Driving in Winter Conditions


You may recall our recent post about the Duty to Refuse Unsafe Work. In that post, we reminded readers that in the province of Alberta, refusing to do unsafe work is not just a right – it is a legal duty that all Alberta workers hold.

Did you know that an extreme winter storm is an example of imminent danger for driving under the Alberta OH&S Act?

The OH&S Act defines “imminent danger” as:

(2) In this section, “imminent danger” means in relation to any occupation

(a) a danger that is not normal for that occupation, or

(b) a danger under which a person engaged in that occupation would not normally carry out the person’s work.

While you’re thinking about winter driving, try taking this #ShiftIntoWinter quiz from the BC Winter Driving Safety Alliance!

Winter Driving Safety Tips

There is no shortage of safe winter driving resources online. We have compiled a list of some of the most important safe winter driving tips out there, but we encourage you to also check out the Alberta Government Fact Sheet and YouTube videos below.

  • Keep your vehicle in optimal driving condition and have winter tires installed before the snow flies.
  • Follow Alberta’s Official Road Reports and delay trips when conditions are poor. If you must leave, let others know your route, destination and estimated time of arrival before you leave. Keep a cell phone and emergency kit in your vehicle.
  • Brush all snow and ice off of windshield, windows, headlights and tail-lights. It is always a good idea to brush off the roof of your car as well, to avoid snow blowing onto your back windshield as you drive.
  • Ensure that your windshield and windows are fully defrosted before driving.
  • Be aware of snow and ice on the road and adjust your speed and following distance accordingly – remember: black ice is not easily visible, but you should be able to feel it out by lightly touching your brakes when safe to do so.
  • On ice, a vehicle can take up to 10 times longer to stop than in dry conditions. The normal dry pavement following distance of three to four seconds should be increased to eight to ten seconds (pick a stationary object along the side of the road, such as a streetlight or pole and count the seconds between when the car in front of you passes it and when you do).
  • Even if the road looks and feels relatively clear, maintain the increased winter following distance, as it is always possible for a patch of black ice to form.
  • Accelerate and decelerate slowly to maintain control over your tires on slippery roads.
  • Never slam your brakes on winter roads. You should plan your stopping motion well ahead of time and touch your brakes lightly over a longer stretch of road.
  • If you begin to skid, do not brake! Stay calm, let off the gas, look where you want to go, and steer in that direction.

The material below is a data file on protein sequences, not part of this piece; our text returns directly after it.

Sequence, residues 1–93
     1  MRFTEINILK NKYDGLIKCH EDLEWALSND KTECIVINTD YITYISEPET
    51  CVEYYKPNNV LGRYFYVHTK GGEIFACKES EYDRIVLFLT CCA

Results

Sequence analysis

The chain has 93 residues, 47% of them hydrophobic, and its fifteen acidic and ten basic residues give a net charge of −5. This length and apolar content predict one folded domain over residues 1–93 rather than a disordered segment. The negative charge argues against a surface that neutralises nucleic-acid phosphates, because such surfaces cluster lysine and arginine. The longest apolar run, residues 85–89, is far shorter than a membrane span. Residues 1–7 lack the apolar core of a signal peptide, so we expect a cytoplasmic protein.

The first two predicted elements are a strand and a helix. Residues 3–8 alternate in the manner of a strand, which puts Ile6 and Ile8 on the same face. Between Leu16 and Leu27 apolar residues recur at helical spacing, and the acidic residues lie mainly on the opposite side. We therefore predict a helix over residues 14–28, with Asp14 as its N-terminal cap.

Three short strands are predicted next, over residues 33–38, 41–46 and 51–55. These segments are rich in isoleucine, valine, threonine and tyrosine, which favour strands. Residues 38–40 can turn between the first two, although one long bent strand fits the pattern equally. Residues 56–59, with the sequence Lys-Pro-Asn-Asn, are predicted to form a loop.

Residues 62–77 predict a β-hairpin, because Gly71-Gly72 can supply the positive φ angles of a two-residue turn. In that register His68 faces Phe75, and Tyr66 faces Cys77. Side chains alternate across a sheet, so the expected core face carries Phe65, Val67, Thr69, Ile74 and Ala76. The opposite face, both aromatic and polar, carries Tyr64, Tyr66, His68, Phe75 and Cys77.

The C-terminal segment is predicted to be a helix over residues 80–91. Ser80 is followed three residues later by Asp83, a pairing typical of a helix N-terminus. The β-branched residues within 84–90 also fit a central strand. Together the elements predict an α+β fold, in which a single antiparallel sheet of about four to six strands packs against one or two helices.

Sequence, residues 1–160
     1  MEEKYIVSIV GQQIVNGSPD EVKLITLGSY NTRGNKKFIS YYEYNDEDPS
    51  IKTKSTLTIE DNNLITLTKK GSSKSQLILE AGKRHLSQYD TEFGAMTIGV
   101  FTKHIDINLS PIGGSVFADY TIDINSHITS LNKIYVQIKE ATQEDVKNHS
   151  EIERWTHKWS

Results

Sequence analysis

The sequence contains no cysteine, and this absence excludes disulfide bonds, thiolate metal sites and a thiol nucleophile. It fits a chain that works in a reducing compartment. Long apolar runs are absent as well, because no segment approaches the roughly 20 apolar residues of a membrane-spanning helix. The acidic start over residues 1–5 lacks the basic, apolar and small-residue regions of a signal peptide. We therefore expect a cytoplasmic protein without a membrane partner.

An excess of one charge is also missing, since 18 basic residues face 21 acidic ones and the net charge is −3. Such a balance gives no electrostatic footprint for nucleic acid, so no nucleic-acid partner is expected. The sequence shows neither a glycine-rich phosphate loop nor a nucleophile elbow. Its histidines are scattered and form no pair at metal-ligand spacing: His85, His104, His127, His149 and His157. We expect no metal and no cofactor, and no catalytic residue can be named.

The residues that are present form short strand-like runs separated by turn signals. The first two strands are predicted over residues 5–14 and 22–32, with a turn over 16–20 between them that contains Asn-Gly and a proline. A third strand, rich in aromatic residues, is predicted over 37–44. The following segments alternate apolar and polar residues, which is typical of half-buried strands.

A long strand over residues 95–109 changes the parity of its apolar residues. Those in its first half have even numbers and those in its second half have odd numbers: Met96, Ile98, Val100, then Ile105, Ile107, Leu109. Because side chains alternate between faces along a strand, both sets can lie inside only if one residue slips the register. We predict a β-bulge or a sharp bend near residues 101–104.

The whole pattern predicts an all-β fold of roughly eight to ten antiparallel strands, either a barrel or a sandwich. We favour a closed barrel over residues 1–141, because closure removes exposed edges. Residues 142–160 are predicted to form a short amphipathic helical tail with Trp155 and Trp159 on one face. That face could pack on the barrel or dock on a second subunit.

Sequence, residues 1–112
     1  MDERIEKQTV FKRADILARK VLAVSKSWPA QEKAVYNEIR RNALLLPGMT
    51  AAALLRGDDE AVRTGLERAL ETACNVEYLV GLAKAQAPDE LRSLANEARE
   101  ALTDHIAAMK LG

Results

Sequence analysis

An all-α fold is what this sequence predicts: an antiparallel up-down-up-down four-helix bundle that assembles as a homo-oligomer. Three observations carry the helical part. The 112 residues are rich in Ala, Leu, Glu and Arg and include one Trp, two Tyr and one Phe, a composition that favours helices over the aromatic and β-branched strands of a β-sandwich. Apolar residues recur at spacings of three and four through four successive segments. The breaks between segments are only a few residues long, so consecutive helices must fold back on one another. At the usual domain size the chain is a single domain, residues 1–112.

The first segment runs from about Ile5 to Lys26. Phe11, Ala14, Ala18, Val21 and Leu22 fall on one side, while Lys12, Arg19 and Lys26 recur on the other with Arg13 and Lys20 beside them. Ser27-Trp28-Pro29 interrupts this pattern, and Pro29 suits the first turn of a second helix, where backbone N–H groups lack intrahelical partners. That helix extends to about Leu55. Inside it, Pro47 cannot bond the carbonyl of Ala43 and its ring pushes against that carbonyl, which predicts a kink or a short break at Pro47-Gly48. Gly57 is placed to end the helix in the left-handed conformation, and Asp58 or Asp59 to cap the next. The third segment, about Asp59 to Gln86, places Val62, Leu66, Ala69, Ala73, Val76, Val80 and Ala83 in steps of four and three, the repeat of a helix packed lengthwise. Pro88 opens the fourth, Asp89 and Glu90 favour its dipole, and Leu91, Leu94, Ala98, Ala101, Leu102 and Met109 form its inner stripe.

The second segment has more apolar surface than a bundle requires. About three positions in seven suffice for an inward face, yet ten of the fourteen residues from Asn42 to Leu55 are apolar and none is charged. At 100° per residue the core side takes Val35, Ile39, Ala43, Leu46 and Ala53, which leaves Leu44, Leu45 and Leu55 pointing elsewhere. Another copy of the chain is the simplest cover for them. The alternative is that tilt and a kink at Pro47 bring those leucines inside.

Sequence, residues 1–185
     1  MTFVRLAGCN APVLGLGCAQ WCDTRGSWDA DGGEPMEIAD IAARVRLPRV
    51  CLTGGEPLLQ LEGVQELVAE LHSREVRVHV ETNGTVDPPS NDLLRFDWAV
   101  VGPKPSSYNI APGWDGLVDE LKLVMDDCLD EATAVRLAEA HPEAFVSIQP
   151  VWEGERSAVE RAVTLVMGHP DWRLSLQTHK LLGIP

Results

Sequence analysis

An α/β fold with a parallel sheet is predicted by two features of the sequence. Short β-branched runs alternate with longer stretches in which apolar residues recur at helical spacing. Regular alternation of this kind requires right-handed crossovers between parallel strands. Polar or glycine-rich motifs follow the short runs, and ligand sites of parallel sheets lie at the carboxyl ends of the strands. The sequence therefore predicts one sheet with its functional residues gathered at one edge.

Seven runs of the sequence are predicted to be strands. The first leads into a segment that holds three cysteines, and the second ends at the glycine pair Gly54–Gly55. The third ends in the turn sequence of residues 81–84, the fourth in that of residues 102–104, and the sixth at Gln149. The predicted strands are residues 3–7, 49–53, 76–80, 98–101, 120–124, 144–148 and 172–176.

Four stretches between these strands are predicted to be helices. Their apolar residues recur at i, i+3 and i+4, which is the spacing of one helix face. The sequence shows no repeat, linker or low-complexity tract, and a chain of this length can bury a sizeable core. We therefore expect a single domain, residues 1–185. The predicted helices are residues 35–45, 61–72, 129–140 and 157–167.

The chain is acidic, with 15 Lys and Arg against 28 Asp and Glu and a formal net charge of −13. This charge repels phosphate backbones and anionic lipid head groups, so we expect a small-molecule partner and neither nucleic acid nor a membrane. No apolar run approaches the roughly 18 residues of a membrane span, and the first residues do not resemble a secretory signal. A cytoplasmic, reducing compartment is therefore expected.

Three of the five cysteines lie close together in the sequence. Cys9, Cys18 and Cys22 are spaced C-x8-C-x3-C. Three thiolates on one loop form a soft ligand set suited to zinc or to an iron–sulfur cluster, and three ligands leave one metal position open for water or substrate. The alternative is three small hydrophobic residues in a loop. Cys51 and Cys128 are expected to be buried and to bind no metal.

• Even during daylight, keep your headlights on, especially when it is snowing.
  • Keep your gas tank at least half full.

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Preparing an Emergency Car Kit

Have the appropriate safety and emergency winter equipment always stored in your car.

The basic emergency kit for cars should include the following items:

  • Food – that won’t spoil, such as energy bars
  • Water – in plastic bottles so they won’t break if frozen (change every six months)
  • Blanket
  • Extra clothing and shoes
  • First aid kit – with seatbelt cutter
  • Small shovel, scraper and snowbrush
  • Candle in a deep can and matches
  • Crank flashlight
  • Whistle – in case you need to attract attention
  • Roadmaps
  • Copy of your emergency plan

Also keep these inside your trunk:

  • Sand, salt or cat litter (non clumping)
  • Antifreeze/windshield washer fluid
  • Tow rope
  • Jumper cables
  • Fire extinguisher
  • Warning light or road flares

Click the image below to see the full Alberta Government Fact Sheet document


Transport Canada also provides excellent tips for safe winter driving, including a checklist for winterizing your car and step-by-step instructions for managing various types of skids.

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Winter Driving Tips from YouTube

If you search “winter driving tips” on YouTube, the results are endless. Below are some of the better videos available regarding winter driving conditions.

Snow Going: Winter Driving Tips from Snow.com

Top 5 Winter Driving Tips from Westworld Alberta

Winter Driving Tips from the City of Lethbridge

Tips for Safe Winter Driving from AAA

Winter Driving Tips on Braking from Michelin® Winter Driving Academy

Winter Driving Recovering from a Skid from AAA Foundation for Traffic Safety